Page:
Gold prices behaved as expected during the December sell-off on equity markets, rising 5% as nervous investors flocked to safe havens. Even as global equities rebounded in January (the MSCI World was up 7.2%) and investors' risk appetite returned, the yellow metal continued to gain ground, rising a further 3%.
CIO regarded the extent of the rally as overdone, and believed it was partly attributable to speculators' extreme positioning at the time the market pullback took hold in late 2018. "Traders rushed to cover record net-short positions, which likely flipped to a sizable net long," explain CIO analysts Wayne Gordon and Giovanni Staunovo. "Likewise, they added gold ETFs to their holdings, reaching a 2013 high, as the sharp sell-off in US equity markets and policy uncertainties brought safe-haven demand back to the fore."
However, with safe-haven demand now easing - and the US dollar showing renewed strength - the gold rally has lost momentum over the past week. Spot prices fell to USD 1,306 per ounce on Thursday from a year-to-date high of USD 1,326 per ounce on January 31. Absent another risk-off event, CIO expects the yellow metal to trade broadly sideways in the near term. "We remain positive on the US economy, financial conditions again eased in January and consumers are still confident," say Gordon and Staunovo.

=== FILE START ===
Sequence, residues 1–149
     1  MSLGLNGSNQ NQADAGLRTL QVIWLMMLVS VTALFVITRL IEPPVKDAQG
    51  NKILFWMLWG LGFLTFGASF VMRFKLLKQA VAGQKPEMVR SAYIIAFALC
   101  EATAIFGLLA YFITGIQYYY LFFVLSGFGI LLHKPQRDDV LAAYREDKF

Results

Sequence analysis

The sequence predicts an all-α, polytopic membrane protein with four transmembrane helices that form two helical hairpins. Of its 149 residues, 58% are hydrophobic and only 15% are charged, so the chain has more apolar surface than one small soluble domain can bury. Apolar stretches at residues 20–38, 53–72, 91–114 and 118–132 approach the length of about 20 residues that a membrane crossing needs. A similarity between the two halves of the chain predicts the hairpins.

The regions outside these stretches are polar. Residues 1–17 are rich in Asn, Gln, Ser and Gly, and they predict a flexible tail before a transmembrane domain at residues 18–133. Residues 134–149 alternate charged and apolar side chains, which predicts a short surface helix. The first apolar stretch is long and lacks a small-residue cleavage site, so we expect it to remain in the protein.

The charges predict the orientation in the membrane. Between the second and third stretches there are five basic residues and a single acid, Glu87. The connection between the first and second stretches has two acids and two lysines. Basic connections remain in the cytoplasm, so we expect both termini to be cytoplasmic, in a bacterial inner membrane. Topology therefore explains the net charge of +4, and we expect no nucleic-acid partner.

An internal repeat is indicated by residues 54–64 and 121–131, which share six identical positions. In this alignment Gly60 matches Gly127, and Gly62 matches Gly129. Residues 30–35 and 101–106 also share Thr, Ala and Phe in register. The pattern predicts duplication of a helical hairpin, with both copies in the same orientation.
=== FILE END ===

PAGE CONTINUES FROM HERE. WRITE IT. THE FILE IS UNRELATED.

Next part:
January also brought a shift in the US Federal Reserve's (Fed) policy stance to neutral, after the latest FOMC statement dropped any bias toward hiking rates. "This means real US interest rates have likely peaked, though earlier than we expected," Gordon and Staunovo note. "In March, Fed officials will likely tweak their view on the policy path – but markets expect this."
As the business cycle enters its later stages, CIO likes gold's insurance qualities and its ability to reduce volatility in a portfolio. It retains a bullish stance on gold on a 12-month horizon, with a price forecast of USD 1,350 per ounce.
For more information, please see the CIO report, "Precious Metals: Gold's rally disproportionate".